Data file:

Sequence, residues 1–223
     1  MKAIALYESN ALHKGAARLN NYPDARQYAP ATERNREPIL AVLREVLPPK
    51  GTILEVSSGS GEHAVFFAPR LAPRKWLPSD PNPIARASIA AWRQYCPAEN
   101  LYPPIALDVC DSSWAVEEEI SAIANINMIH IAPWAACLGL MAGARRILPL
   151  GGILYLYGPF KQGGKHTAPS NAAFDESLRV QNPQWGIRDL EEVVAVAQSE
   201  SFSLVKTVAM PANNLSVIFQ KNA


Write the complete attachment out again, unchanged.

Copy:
Sequence, residues 1–223
     1  MKAIALYESN ALHKGAARLN NYPDARQYAP ATERNREPIL AVLREVLPPK
    51  GTILEVSSGS GEHAVFFAPR LAPRKWLPSD PNPIARASIA AWRQYCPAEN
   101  LYPPIALDVC DSSWAVEEEI SAIANINMIH IAPWAACLGL MAGARRILPL
   151  GGILYLYGPF KQGGKHTAPS NAAFDESLRV QNPQWGIRDL EEVVAVAQSE
   201  SFSLVKTVAM PANNLSVIFQ KNA